By Peter Roff, Thomas Jefferson Street blog
Politico is reporting that former Vice President Al Gore "cancelled plans to fly to Washington for a news conference with House Speaker Nancy Pelosi on Thursday" and would, instead, work the phones from Tennessee to lobby undecided members that they should vote for the cap and trade climate bill.
Could it be the Democrats are learning? Could it be they figured out the image of the former vice president, expending energy and emitting carbon by flying in from his large carbon footprint abode in the Volunteer State to the nation's capitol to explain why America needs a cap and trade law to reduce carbon emissions would step on their message?
I doubt it. The rush to get the national energy tax—which is what the cap and trade legislation really is—to the House floor is a big roll of the dice for Pelosi and her leadership. And it is unlikely that Gore would want to be seen, in retrospect, standing next to her if she fails to ensure its passage on Friday. It's her emergency, not his.
But the speaker put on her brave face. "It's a question of what was energy efficient for the vice president," Pelosi said. "We were narrowing the list of the undecideds. We had a great narrowing of the undecideds." It's more than likely Pelosi will get her way—but it will probably be close...close enough to keep it in play if the Senate version differs from what passes in the House.
The target list is long. The ones being circulated Wednesday included Democrats like Jason Altmire of Pennsylvania, Alabama's Bobby Bright, Frank Kratovil of Maryland, Idaho's Walt Minnick, Ohio's Steve Driehaus, and New Mexico's Harry Teague. As well as Republicans like California's Mary Bono Mack, New Jersey's Rod Frelinghuysen, South Carolina's Bob Inglis, Peter King of New York, Mark Kirk of Illinois, and Wisconsin's Tom Petri.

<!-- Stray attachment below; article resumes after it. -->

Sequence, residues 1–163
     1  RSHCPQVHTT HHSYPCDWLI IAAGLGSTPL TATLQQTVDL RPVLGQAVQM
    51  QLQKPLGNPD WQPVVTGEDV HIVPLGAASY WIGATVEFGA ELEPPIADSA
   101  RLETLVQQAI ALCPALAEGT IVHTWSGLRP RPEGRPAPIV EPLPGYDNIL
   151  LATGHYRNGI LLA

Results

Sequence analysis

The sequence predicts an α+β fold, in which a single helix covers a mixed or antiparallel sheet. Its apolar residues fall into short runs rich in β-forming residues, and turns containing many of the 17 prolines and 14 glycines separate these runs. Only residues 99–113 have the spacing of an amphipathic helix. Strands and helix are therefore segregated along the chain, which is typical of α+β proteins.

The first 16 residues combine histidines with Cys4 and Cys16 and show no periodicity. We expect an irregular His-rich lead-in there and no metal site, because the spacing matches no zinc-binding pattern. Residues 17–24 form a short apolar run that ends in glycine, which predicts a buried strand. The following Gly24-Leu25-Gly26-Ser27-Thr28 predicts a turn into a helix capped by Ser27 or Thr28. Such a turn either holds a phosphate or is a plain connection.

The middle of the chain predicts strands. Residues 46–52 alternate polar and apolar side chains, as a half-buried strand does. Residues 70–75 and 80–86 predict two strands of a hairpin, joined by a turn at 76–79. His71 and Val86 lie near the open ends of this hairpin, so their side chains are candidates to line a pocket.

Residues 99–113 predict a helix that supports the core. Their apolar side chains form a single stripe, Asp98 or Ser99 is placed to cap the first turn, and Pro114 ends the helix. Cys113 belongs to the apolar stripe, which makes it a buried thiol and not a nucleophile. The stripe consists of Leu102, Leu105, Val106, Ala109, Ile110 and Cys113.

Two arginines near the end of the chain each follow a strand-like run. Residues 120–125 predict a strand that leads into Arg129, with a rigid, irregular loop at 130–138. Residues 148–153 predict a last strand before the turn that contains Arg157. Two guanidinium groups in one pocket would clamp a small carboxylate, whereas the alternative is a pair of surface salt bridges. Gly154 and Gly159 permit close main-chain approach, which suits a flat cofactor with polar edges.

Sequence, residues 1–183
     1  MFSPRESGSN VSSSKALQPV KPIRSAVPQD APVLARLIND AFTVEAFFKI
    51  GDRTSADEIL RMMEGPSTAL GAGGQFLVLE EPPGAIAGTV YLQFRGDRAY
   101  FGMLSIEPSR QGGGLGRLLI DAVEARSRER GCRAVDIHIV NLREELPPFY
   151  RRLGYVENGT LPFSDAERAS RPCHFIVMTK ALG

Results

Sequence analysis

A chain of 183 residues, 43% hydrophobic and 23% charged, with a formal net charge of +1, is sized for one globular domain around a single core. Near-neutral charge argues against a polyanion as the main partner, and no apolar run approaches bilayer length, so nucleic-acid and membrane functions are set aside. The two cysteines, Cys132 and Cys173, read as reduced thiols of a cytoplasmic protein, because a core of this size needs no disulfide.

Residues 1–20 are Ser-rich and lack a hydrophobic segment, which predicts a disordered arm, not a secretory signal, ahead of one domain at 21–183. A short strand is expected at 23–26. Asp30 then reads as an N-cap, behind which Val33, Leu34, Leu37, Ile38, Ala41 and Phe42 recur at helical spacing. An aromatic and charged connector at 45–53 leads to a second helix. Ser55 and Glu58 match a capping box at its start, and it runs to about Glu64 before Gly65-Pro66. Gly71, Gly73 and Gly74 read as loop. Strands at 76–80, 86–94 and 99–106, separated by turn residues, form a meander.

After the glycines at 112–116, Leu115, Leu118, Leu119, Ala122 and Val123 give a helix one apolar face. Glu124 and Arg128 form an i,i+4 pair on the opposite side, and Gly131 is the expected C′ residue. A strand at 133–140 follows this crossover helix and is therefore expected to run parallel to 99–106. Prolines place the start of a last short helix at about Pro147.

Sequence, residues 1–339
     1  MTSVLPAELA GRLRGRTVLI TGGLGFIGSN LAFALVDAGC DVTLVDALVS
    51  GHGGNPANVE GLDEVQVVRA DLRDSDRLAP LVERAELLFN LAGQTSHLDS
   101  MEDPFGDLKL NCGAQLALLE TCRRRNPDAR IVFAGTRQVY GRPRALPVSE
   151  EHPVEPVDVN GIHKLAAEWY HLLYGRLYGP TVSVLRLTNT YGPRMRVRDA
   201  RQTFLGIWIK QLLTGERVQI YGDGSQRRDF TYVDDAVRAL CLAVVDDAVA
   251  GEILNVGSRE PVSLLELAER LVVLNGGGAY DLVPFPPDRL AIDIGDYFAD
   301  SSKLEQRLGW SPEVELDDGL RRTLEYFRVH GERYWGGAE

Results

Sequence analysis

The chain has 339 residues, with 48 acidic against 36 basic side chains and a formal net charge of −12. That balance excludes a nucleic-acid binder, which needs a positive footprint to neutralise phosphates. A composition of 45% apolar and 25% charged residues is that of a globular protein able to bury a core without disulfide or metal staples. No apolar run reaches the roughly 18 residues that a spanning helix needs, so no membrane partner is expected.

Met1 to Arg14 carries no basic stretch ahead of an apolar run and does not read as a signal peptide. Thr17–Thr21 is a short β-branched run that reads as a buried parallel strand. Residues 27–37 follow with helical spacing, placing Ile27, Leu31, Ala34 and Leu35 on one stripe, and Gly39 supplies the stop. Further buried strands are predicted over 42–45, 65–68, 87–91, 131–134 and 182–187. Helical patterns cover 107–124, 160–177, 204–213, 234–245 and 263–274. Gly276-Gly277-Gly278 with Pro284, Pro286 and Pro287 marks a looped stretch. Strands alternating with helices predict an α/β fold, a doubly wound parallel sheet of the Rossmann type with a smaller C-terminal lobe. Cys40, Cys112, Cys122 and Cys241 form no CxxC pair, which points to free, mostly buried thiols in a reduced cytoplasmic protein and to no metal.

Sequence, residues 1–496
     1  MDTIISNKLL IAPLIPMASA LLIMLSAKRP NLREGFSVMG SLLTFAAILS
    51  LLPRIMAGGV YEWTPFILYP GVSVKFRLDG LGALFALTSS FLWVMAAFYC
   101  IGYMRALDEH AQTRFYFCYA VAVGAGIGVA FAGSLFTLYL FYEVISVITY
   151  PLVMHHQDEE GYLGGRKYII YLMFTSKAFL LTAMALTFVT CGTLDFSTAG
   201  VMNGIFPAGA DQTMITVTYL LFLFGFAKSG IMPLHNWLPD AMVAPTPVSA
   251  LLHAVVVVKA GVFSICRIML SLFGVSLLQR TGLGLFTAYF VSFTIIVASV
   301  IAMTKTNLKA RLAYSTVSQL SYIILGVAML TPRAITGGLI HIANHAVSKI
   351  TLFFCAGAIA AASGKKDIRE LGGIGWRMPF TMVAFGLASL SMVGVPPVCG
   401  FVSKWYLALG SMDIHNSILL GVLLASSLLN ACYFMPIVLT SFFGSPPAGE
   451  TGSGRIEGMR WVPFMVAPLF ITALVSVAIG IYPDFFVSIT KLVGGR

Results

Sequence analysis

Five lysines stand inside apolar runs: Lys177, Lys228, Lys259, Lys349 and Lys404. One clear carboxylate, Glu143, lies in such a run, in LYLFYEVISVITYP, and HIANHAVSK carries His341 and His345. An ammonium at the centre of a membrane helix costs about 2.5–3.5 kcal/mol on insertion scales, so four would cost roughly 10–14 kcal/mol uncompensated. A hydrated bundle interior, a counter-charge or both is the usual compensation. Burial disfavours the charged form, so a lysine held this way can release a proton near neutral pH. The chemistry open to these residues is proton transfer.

This is a big universe, one that either side could mine to great effect in the next general election—something that is no doubt foremost in the minds of the members on the list. None of them wants to be portrayed as a friend of big polluters or an ostrich on global warming; but none of them wants to be the deciding vote for a massive energy tax that hurts an already hurting family budget either. This is the big leagues, and there's a lot riding on this vote for both sides. If the bill goes down, the Republican minority will have scored a major victory that puts a chink in Nancy Pelosi's armor. And if it passes, even by just a few votes, then Pelosi will tighten the reins even further and give Obama a victory he needs very much right now.